"It's not the goal of the [seismic mitigation] program being questioned but the process," said Vaughan.

"If we're getting schools that are smaller and less equipped to provide unique programming, then there's something wrong with that process."

Premier 'seemed receptive'

Both Vaughan and Smith met with Premier Gordon Campbell earlier this month to discuss what they view as a major disconnect between the seismic mitigation program and his government's other mandates of carbon-neutrality and expanding the school's role to provide more childcare space.

"He seemed receptive," said Smith. "He acknowledged these three initiatives seem to be working as silos . . . . He said he would set up a working group."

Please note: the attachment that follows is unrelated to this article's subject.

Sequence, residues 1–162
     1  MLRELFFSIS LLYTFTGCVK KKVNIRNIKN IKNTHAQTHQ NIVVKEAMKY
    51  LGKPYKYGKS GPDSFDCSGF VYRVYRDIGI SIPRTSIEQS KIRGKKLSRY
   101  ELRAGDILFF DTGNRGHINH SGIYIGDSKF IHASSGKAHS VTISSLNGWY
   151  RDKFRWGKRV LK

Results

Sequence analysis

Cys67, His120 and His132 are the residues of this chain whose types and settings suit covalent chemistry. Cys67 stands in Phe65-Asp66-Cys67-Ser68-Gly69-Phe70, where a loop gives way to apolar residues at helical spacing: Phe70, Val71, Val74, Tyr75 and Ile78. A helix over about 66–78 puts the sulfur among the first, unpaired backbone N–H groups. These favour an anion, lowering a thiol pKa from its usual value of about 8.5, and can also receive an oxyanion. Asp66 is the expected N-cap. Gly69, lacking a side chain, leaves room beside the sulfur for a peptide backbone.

Ken Denike, chair of the Vancouver School Board finance committee, said the board's first priority is safety, the second is providing childcare space.

He says the province funds capital projects on a per student basis, and doesn't count children who use the space unless they're students in the building from 8:30 to 4:30.

The exception is the province's Strong Start program -- which technically isn't daycare as parents or guardians are required to attend activites with their children. In that case, the children are included in the school's capacity.

Denike says it's possible the Ministry of Children and Family Services may help fund more space for childcare in schools, but nothing is on the table yet.